Sven Schmidt alerted me to the fact that you can check in Package.resolved to pin Swift package versions in Xcode-managed projects if you add the file from within the generated project.xcworkspace file in your .xcodeproj bundle:
I ran into this, too, recently and wondered how everyone’s dealing with this. Because this is so annoying, I expected more outcries on the interwebs every day.
Maybe nobody is writing tests?
Either way: These helpers look very nice, and I’ll try them for sure. Should be part of the XCTest libray in my opinion. I seriously wonder why there’s no async XCTest assertion functions for this already.
If you’re just running into this for main actor isolation: One workaround that got suggested to me is to annotate the XCTestCase subclass itself with @MainActor to circumvent having to await isolated calls everywhere. (That doesn’t help for non-main actor-isolated calls, obviously.)
My recent posts were about SwiftUI quirks and annoyances, so I want to share a short success story for a change: You can @import Swift Packages in Objective-C code just fine. (At least if they are Objective-C compatible.) I updated my WordCounter app to rely less on Carthage and use Swift packages where possible instead.
I have been complaining on social media about the Xcode Console sticking to the bottom, and how I’d prefer a horizontal split etc. And there have been good suggestions to e.g. open a new Console tab or window. (Thanks Dominik Hauser for the tip!) That didn’t stick because I needed to adjust the Xcode behaviors and sometimes that didn’t compose well with what I’ve been doing.
I’ve never touched GitHub Copilot in all these years, but everyone seems to be very happy with it. People recommend Copilot for all kinds of refactorings and repetetive tasks. So I figured I might give it a try and see how it works. Just yesterday, I used the Copilot Xcode plugin to write a lot of boilerplate for me. I can confirm it does its job.
This picture shows one of the weird annoyances with Xcode and Swift packages. One package resolution step swallowed 45MB of my data. You’ve likely heard it elsewhere: when iOS developers need to work with Swift packages and Xcode but have a shoddy internet connection, tough luck! Xcode will fail to build because it’s “Resolving Packages” step inevitably fails.
Found DevCleaner for Xcode yesterday and gave it a spin. It’s freeware on the Mac App Store with a tip jar.
Developers who ever nuked their Derived Data folder (I have an alias in my .profile for that) know how much stuff Xcode collects over the years. And then there’s outdated iOS Simulator versions nobody needs anymore. And log files, of course, by Xcode.
I’m pleased to say that DevCleaner does a good job at enabling me to select what I want to remove from the set of things that could be obsolete.
I have Xcode 14 beta installed (to my dismay), so DevCleaner suggested all Xcode 13.x related things could go away. It tries to be smart and helpful here, but I kept the Xcode 13.4.1 logs just in case. The option is there.
Where in the past I would occasionally nuke all Derived Data, DevCleaner shows these folders in a sensible way, with a reference to the project location. I usually create throwaway projects to test and debug something in my Downloads folder. The derived data of these projects is absolutely useless after a month, week, or sometimes even a day. Since DevCleaner shows where the original project was located, I’ve been able to delete data for every long-gone project that was in my Downloads folder.
I cannot stress enough how cool I find this.
Deleting derived data folders is often hard to do by name alone: when I download a new version of a 3rd part dependency that I am using in my apps, and open the project in my Downloads folder, and play around with it, then I have two derived data folders for this dependency, but only one is relevant for the actual project. Either I don’t care and delete both when I know building them is trivial, or I don’t bother at all and they stay around forever.
I really, really like this feature.
Would be even better if I could sort or filter by origin path, but it’s ok the way it is.
The Notarization API changed a bit, so my old scripts broke. Revisiting the approach, it’s delightfully simple to notarize an app nowadays if you use the Apple toolchain on macOS. I haven’t watched the WWDC 2022 video on Notarization but did take the documentation link there into account.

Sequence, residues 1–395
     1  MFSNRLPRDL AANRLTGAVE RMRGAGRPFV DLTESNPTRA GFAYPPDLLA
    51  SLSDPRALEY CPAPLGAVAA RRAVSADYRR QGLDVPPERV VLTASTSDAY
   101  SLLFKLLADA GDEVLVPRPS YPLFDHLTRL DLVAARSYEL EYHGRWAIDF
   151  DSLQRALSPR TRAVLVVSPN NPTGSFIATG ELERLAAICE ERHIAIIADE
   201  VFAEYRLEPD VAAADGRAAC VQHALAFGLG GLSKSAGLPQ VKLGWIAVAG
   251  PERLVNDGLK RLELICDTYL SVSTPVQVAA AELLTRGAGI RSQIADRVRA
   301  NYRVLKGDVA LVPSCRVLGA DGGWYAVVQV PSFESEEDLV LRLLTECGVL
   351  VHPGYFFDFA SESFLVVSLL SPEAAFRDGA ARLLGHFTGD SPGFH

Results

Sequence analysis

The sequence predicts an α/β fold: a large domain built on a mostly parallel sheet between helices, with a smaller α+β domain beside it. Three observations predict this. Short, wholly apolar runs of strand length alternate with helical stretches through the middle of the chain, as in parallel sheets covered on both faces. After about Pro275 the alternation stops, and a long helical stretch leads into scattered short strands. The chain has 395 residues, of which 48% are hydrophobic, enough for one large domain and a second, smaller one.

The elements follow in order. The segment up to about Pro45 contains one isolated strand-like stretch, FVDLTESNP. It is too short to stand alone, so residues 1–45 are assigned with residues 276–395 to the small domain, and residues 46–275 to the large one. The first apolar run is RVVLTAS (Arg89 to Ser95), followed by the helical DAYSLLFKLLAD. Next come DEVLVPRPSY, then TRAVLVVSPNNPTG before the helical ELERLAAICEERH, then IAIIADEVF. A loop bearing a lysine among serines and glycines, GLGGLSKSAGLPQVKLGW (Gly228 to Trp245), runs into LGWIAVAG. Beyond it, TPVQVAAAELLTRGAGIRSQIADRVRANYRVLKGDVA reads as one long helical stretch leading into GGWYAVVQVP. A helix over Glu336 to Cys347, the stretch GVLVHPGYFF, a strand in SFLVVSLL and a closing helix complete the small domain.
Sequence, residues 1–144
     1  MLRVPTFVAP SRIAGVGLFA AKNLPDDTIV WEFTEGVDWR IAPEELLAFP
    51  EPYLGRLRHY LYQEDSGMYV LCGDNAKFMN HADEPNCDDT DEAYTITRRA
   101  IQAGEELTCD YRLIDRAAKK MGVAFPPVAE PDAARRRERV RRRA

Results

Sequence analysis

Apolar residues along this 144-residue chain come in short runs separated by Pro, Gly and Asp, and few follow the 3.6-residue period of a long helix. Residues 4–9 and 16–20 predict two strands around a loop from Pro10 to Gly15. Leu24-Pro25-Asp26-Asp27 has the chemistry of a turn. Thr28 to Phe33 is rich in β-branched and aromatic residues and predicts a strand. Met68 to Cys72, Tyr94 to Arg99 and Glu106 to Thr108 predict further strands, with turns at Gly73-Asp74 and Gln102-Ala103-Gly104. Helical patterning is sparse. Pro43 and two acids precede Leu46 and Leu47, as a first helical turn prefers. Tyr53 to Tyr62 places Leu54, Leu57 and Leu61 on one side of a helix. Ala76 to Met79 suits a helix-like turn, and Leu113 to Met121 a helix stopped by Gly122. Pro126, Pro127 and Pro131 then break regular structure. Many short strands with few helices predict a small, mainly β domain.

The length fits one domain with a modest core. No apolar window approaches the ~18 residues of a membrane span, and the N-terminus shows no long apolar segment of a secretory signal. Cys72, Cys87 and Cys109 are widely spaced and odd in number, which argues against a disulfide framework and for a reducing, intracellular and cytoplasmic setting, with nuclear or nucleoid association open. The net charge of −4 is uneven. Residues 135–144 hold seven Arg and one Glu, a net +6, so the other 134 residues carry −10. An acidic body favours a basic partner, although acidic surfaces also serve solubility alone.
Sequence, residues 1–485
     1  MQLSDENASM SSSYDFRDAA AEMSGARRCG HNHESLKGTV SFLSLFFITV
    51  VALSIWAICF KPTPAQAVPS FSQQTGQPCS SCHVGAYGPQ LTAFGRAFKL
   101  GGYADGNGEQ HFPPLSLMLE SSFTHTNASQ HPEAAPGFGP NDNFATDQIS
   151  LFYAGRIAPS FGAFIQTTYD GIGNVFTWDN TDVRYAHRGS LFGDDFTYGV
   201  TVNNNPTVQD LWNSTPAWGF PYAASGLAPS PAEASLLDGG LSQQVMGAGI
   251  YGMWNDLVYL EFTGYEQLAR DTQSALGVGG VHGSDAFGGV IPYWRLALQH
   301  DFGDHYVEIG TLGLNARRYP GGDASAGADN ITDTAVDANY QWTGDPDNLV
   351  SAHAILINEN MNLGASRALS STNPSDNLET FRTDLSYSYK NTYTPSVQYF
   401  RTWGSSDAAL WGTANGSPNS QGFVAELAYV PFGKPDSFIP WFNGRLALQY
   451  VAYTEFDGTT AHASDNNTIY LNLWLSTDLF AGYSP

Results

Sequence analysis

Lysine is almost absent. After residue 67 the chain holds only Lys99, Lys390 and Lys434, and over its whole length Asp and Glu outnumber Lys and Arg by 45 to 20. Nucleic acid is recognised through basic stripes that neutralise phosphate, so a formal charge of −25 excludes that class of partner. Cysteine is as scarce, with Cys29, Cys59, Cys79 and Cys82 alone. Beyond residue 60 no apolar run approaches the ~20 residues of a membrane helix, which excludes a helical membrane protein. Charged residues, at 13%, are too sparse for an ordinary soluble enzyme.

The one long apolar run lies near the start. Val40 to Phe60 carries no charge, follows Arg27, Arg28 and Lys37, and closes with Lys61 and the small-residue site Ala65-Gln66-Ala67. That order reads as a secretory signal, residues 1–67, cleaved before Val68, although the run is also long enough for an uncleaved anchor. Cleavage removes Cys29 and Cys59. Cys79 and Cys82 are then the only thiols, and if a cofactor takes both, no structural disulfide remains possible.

So for quite some time, I had the Swift Build System Integration flag enabled to speed up my builds. It was good. I set it, it worked, I forgot about it. With Xcode 13.3 and 13.3.1, now, we got a lot of dependency cycle warnings out of nowhere. Clean build works, but any build afterwards would occasionally fail.
Dominik Hauser maintains the illustrated xcode.tips page I’ve mentioned on Twitter here and there because the graphics are just lovely and the tips are really useful to become a proficient user of Xcode. It’s a complex piece of software, and the illustrations capture a tip in a single graphic, with shortcuts and UI hints and all.
I was preparing a test build to check if linking against a new library worked fine in production. Trying to distribute the app using my Developer ID (but this would also have happened in a step before uploading to the App Store), I got this: Found an unexpected Mach-O header code: 0x72613c21 Oops? Like probably most developers, I have absolutely no clue about many crucial steps in the app making process. Especially stuff like code signing and most build settings elude me – I pick up pieces over the years, but not with the same speed with which I’m getting better at writing apps. So I didn’t understand what’s going on at all here. The search results I got weren’t that useful, so this post is meant to fill the vacuum for the next person running into this.
A very strange obstacle to overcome when you just get started with iOS or macOS programming is to use custom views or view controllers. How does this magic even work? And what do the steps mean that you have to perform? When you use a Xcode template, you get a Storyboard or a Xib with the most important components for an initial, empty app to display something on screen. This is accompanied by an AppDelegate and a custom ViewController class. If you don’t know anything and just get started developing for iOS, say, then this is a good place to start hacking away: after all, the bare-bones infrastructure has been handled for you.
What I called an Xcode bug last week turned out to be a broken project configuration that was absolutely my fault. Back when Hardened Runtime was introduced, I switched it on at the Xcode project level, not just for the app target. When you set “Enable Hardened Runtime” on the project level, all targets inherit this setting: the app, the unit tests, and the UI tests. With Xcode 11, it now turns out that hardening the runtime for the test runner broke an internal library lookup in perfect accordance with the utility of the Hardened Runtime settings.